When the sun was going down, the last flight of P-47s were coming home and right behind them came the German fighters and bombers. They would bomb us most of the night. You could tell where they were from the sheet of fire from the anti-aircraft guns that followed them.

 

Three officers and one hundred twenty-two  enlisted men from Headquarters and Service Troop, 125th Cavalry Reconnaissance Squadron, Mechanized, were bivouacked 1 miles Southeast of Couvains, France, when they received orders to move 1 miles East of St. Clair Sur Le'Elle, France. The Squadron Commander ordered them to move closer to the front lines and the troops that they were supporting. The Headquarters and Service Troop of a Cavalry Squadron provides all of the support required by the troops in the Squadron. It is the lifeblood of the Squadron.

 

They departed on a cloudy and rainy day, at about 19:00 hours, 20 July 1944, and arrived at the new location, in a wooded area, at about 19:25 hours. Company F, the tank company, was located on one side of them and the Medical Detachment was located on the other side. Heavy rains marked the days from 19 to 22 July, heavy even in a normally wet month.

 

Members of Headquarters and Service Troop immediately went to work getting ready to support the forward troops. The next morning, personnel from these forward elements started to arrive. 1st Sergeants and Troop Clerks to deliver mail to be sent home and to pick up letters and packages from home, deliver reports and pick up replacements. Supply Sergeants came to pick up new clothing, weapons, and ammunition. Motor Sergeants came with their disabled vehicles, picking up replacement vehicles, parts, gas, and oil, and the Mess Sergeants to pick up their rations!

 

It didn't take the German Forward Artillery Observers long to notice all the traffic in and out of the area. They were seasoned soldiers and knew that the best time to strike was when the troops were assembled for a meal. They patiently waited until suppertime. Master Sergeant Joseph W. Felthegger was sitting under a tree, not far from the chow line, 1st Sergeant Jess J. Richardson and Private First Class Chesley J. Brannon of F Company, 125th, and I were standing near the tree when the first round came in. I heard it coming and knew it was going to hit close to us so I hit the ground. It hit the tree, sending it straight up in the air. The shrapnel killed Master Sergeant Felthegger and Private First Class Brannon, wounding 1st Sergeant Richardson in the leg. The next round landed in the maintenance area causing seventeen more casualties. Technician 5th Grade Carl E. Dunegan rendered first aid to some of the wounded men. Disregarding his own safety, he helped his comrades, while the shells were still falling. Private First Class Henry J. McEwen ran to the aid of a wounded comrade, dragging him to safety, possible saving his life.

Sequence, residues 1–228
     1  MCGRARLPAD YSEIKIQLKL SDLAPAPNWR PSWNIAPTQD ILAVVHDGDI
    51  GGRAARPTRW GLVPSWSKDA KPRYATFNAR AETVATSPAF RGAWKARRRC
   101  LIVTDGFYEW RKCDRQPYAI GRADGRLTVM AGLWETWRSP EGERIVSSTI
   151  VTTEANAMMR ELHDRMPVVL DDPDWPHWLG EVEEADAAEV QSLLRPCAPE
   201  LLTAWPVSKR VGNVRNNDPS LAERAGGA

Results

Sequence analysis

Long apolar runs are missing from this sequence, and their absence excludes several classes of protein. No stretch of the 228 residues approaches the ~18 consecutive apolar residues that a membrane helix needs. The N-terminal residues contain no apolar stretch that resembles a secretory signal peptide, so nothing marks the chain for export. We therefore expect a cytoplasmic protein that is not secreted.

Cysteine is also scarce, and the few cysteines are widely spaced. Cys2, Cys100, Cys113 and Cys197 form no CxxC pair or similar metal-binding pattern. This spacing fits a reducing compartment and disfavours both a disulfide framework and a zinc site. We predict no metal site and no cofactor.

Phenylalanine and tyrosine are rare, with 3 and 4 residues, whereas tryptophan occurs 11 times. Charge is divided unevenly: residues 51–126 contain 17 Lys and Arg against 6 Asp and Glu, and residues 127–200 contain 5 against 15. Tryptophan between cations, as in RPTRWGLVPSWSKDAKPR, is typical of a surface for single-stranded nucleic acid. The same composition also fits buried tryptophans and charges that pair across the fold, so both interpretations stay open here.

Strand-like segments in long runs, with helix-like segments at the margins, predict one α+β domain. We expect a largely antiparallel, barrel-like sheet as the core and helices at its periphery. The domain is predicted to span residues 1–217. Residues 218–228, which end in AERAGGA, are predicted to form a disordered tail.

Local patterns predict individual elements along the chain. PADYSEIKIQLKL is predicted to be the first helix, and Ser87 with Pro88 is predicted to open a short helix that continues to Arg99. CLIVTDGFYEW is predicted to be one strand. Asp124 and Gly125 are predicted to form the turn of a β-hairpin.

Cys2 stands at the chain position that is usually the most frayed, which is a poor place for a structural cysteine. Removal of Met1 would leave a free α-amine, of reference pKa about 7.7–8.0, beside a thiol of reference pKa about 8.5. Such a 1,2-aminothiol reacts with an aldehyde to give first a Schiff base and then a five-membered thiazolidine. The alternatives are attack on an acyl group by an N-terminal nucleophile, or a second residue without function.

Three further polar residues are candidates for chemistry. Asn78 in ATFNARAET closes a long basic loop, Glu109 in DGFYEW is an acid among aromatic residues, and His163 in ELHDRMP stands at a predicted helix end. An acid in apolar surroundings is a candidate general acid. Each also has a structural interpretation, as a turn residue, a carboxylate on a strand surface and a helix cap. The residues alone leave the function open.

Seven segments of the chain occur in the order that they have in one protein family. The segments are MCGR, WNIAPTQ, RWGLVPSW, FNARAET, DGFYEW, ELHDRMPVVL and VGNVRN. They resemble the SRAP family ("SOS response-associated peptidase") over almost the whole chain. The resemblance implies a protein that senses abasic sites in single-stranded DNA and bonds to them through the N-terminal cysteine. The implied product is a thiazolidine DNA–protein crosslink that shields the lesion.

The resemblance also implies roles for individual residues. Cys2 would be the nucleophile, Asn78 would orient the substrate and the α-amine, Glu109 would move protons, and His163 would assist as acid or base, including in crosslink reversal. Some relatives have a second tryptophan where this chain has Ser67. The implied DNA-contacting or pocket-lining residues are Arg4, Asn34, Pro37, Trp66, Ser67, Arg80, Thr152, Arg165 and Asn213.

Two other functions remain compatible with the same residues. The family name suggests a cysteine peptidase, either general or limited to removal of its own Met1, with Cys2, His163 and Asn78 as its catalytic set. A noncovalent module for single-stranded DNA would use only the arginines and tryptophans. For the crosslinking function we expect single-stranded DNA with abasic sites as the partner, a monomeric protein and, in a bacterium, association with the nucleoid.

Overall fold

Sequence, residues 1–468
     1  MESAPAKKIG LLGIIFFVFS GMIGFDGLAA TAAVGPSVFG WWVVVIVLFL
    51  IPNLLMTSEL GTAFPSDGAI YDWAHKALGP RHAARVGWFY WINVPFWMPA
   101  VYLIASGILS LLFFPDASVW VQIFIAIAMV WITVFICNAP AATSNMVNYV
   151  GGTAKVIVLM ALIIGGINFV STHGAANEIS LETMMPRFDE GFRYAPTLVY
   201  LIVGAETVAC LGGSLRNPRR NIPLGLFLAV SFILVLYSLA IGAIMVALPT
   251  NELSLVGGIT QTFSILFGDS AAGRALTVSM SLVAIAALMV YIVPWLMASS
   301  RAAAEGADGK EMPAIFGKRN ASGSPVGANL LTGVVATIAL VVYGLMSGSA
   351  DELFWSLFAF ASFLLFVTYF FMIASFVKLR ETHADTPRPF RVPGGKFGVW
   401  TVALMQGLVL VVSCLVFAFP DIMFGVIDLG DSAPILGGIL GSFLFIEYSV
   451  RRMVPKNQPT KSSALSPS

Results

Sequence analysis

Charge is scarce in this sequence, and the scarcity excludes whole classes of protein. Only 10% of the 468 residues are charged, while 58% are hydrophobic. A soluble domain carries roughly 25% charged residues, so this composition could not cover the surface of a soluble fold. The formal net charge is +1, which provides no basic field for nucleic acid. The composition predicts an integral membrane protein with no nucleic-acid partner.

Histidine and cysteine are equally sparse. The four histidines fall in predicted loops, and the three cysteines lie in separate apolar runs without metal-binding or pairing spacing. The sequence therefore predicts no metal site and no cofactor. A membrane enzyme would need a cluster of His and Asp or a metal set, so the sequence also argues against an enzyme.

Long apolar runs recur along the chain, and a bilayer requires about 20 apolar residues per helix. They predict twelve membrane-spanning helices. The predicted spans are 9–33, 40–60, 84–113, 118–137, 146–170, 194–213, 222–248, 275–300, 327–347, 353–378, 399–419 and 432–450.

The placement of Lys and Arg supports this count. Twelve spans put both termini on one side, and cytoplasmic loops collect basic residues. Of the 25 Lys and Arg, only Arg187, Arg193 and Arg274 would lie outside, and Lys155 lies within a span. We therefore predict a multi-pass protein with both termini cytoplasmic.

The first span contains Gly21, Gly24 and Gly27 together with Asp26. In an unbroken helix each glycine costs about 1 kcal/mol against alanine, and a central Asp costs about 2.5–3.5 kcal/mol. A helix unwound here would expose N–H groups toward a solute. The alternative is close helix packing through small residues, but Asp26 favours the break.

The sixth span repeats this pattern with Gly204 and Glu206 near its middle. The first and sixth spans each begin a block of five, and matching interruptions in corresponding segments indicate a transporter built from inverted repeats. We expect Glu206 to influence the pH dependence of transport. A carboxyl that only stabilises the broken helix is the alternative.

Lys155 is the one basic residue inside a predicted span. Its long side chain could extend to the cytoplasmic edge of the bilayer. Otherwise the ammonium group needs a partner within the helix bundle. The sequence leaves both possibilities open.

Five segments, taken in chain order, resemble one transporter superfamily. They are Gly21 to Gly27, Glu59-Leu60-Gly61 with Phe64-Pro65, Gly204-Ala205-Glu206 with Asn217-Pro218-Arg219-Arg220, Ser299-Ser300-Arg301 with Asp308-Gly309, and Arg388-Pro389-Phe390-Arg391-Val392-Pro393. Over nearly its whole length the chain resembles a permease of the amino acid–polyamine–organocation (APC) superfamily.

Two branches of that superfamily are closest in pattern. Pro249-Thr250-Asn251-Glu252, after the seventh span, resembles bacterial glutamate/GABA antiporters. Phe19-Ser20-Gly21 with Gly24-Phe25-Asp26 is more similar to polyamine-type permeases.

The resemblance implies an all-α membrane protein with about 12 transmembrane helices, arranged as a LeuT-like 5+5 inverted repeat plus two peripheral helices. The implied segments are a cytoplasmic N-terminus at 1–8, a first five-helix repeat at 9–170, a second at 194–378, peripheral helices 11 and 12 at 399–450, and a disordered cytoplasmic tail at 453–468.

Fortunately, Our Squadron's Medical Detachment was located in the adjoining field and responded quickly to 1st Sgt Richardson's call for help. With the Medical Detachment suddenly overtaxed, it was necessary for every aid man to work individually and as rapidly as possible in an effort to treat and evacuate the casualties before any more artillery shells fell.

 

When Sergeant Jerry D. Kelly, Squadron Mailman and Private First Class Joseph L. Burgun, Clerk, heard the rounds coming, they stepped behind an armored half-track vehicle for protection. Private First Class Burgun was lightly wounded with shrapnel in his leg. His wounds were not as serious as some of the others, so he was sent across the road to the 104th Medical Regimental Aid Station, supporting the 115th Infantry Regiment of the 29th Infantry Division. While he was there, he asked about a friend of his, Sergeant Karl Knechtel, from his hometown of Jennette, Pennsylvania. They showed him where his friend was, sitting in his foxhole cleaning his weapon. They had a memorable reunion.